tideshift

Wednesday, May 17, 2006

Hayden

I wrote Adaptability in January 2003. They are still at it; yesterday, Bush decided, as the heat and pressure in Washington around NSA spying and CIA chief nominee Michael Hayden continued to rise, to dribble out a little more information to a few more Senators and Representatives.

He did it in February when Republican Representative Heather Wilson threatened to start NSA hearings. http://www.washingtonpost.com/wp-dyn/content/article/2006/02/08/AR2006020802294.html

Their calibration skill is incredible to behold; a few more power-brokers will find themselves on the inside, and become so pleased with their access, the crumbs granted them, that they will emerge to reassure the public, and the steam from outside will be successfully blown off, and the lid will stay on.

Adaptability

Adaptability is arguably the primary trait distinguishing humans from other species of animals. Unlike most animals, which must live in a certain climate and ecosystem for biological survival, humans have managed to adapt -- to build shelter and obtain food -- all over the globe. In many cases, human arrival has wrecked or is wrecking the ecological balance and driving the other animals away or into extinction.

But humans do more than adapt biologically. We also adapt psychologically. Those of us who survive do so because we reconcile ourselves to the state of being refugees, driven by famine or war from the environment of our birth and early rearing -- “Home” -- into new and different environments. It’s not a mental shift other animals appear to do so readily.

This adaptability may ironically be one of human-kind’s greatest obstacles to survival. I sense this now because I feel very much like the proverbial frog in the pot. In the story, a scientist gradually turns up the heat under a pot of water until the frog inside boils to death. When the scientist throws another frog into a pot of already boiling water, the frog hops right back out again and lives.

I feel that way now because as each new piece of war news comes out --- this week that Rumsfeld has called up 15,000 reserves, last week that torture is okay with the Bush Administration, two weeks ago that North Korea is taking nuclear plants out of mothball and so on and so forth back and back --- I experience a brief intensification of distress. More thinking. Less sleeping. More worrying. Less eating. More wondering and doubting: “Am I ready, able and willing to go to jail or die in the struggle to protect life?”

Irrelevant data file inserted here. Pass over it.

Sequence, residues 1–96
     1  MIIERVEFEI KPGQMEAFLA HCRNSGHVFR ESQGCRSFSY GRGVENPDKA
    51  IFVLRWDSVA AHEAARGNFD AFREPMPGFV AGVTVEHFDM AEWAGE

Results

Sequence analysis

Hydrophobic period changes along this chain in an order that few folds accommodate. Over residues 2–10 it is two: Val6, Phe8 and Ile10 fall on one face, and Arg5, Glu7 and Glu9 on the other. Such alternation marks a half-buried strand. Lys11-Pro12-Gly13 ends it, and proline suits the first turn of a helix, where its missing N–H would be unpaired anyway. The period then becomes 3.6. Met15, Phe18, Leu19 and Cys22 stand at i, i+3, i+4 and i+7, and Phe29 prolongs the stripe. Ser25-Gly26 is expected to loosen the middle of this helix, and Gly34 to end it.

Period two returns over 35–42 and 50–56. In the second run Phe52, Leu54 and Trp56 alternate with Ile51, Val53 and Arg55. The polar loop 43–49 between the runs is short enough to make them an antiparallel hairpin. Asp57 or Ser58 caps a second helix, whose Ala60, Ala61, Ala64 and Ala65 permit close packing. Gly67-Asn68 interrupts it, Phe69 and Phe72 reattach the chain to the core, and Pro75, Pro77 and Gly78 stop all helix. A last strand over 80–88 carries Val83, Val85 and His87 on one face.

And then I reach a new equilibrium: “This is the way the world is: Hotter.” I cannot hop out of this pot.

And while I am realizing this adaptation tendency, so highly developed, and enjoying, bitterly, the hot shower I take every morning with water heated by non-renewable resources stolen from the earth and its poorest people, I keep thinking about the refugees shivering and starving and dying of despair, or adapting to a world without home, in refugee camps all over the world: Palestine, Afghanistan, the Congo, the Balkans.

When will enough be enough?

Will the destroyers accidentally turn up the heat too much too fast, and make all of us frogs suddenly realize we’re being boiled alive, causing all of us to jump up at once?

Or will they maintain their careful calibration -- a little news here, a little news there -- until the experiment is over and we’re all dead?

We are already refugees from everywhere.

I think it’s time to unlearn adaptability.

And I think we must all jump up from the pot at the same time, one frog with 12 billion jumping legs.

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